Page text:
U.S. Jobless Claims Fell 2K to 250K in Aug. 13 Week
By Rina Torchinsky
New applications for unemployment benefits inched down last
week, a sign the labor market is holding up as the broader economy
shows signs of slowing.
Initial jobless claims, a proxy for layoffs, declined slightly
to a seasonally adjusted 250,000 last week from a downwardly
revised 252,000 the week before, the Labor Department said
Thursday. Claims totals have hovered around this level since
hitting a high for the year in mid-July, and are above the 2019
prepandemic weekly average of 218,000.
The four-week moving average for claims, which irons out weekly
volatility, was 246,750, a decrease of 2,750 from the previous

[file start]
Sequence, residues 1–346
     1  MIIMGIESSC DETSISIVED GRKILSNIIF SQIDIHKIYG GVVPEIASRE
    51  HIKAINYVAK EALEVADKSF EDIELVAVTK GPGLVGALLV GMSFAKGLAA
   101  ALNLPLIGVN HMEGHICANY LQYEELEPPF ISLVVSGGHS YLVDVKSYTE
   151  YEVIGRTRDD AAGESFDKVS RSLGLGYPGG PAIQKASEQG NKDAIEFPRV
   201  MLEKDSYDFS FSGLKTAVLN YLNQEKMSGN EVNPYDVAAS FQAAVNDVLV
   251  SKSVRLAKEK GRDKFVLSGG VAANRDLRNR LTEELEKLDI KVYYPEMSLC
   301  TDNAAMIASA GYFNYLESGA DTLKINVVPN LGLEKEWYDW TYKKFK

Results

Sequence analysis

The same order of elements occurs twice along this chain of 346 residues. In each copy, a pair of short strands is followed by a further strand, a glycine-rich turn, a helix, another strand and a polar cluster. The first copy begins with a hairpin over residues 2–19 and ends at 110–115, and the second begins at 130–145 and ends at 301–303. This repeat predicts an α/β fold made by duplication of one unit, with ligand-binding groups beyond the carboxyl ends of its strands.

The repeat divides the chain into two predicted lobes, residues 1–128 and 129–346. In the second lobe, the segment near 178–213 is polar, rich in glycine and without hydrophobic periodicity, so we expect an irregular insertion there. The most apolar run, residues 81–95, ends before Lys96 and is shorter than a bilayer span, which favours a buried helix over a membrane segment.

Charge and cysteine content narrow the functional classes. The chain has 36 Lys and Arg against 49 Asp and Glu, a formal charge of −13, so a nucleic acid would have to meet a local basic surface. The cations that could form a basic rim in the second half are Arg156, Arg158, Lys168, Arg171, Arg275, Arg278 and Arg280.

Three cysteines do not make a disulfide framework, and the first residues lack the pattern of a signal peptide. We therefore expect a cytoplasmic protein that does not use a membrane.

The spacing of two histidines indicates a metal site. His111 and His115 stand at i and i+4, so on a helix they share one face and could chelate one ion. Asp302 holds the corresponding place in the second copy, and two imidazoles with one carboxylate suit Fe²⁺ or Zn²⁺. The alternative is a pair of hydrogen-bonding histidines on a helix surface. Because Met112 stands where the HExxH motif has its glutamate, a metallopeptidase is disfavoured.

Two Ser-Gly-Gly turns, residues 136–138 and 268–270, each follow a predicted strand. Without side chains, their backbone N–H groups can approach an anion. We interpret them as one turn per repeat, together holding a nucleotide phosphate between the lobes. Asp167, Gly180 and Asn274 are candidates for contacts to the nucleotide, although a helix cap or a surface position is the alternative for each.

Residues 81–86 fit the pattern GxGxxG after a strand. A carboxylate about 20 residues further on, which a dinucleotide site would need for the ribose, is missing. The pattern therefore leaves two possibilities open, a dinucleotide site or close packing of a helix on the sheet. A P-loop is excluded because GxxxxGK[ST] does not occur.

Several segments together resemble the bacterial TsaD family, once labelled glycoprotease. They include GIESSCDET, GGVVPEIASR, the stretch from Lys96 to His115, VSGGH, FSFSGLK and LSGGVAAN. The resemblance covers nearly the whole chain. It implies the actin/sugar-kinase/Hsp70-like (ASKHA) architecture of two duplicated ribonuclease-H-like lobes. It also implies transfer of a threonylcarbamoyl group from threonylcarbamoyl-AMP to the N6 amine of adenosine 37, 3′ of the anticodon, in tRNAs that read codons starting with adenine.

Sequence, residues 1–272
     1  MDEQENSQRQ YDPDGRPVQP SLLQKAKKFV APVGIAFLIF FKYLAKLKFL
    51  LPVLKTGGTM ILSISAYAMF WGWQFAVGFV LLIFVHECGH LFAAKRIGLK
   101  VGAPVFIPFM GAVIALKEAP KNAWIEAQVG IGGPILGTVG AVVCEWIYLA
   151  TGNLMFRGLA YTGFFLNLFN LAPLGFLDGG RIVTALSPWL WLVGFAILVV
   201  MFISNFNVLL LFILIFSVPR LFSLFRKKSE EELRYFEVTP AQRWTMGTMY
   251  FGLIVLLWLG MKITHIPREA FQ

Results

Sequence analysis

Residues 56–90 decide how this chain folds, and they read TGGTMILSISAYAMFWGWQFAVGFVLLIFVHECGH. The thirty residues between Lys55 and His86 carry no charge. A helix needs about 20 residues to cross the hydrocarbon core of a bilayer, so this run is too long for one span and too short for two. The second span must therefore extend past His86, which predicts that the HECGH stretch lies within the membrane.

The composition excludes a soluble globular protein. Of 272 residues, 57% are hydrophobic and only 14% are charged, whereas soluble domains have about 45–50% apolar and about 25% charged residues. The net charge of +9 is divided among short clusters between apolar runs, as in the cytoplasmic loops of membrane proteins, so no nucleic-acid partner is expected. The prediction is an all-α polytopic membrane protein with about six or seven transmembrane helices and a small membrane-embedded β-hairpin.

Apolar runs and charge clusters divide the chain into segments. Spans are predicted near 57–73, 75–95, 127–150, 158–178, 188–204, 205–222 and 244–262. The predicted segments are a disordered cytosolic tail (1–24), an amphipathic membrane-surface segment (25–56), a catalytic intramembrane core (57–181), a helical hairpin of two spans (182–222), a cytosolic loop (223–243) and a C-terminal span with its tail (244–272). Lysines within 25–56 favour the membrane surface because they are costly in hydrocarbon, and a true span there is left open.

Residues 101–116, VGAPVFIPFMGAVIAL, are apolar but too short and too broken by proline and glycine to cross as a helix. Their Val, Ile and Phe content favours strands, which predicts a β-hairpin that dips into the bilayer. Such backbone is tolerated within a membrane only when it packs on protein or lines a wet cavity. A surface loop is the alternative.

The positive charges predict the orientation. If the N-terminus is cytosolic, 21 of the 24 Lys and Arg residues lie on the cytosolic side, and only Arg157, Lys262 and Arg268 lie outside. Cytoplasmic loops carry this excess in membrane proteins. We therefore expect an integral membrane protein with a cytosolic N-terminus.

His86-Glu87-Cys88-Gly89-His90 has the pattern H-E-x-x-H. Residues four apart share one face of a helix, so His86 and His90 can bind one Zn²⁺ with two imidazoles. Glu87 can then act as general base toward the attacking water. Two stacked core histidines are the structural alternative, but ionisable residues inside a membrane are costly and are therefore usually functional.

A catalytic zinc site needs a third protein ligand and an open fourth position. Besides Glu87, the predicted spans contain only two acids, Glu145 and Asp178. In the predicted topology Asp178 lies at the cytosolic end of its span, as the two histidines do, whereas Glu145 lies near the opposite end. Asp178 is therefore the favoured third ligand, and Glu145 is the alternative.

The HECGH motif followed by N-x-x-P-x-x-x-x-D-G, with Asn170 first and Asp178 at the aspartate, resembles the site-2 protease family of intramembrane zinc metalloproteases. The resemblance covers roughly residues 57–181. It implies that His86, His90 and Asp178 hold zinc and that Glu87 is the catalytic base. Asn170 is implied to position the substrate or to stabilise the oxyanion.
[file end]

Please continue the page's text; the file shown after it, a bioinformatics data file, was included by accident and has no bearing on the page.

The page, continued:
week's revised average.
Sarah House, senior economist at Wells Fargo, said the labor
market is strong but is showing signs of softening. "We are
starting to see demand for labor weaken," Ms. House said. "You can
see that in terms of things like job postings for new hires but
also seeing that in terms of the rise of initial jobless
Continuing claims, a proxy for the total number of people
receiving payments from state unemployment programs, edged up to
1,437,000 in the week ended Aug. 6 from a revised 1,430,000 in the
week ended July 30. Continuing claims are reported with a one-week
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(END) Dow Jones Newswires
August 18, 2022 09:07 ET (13:07 GMT)
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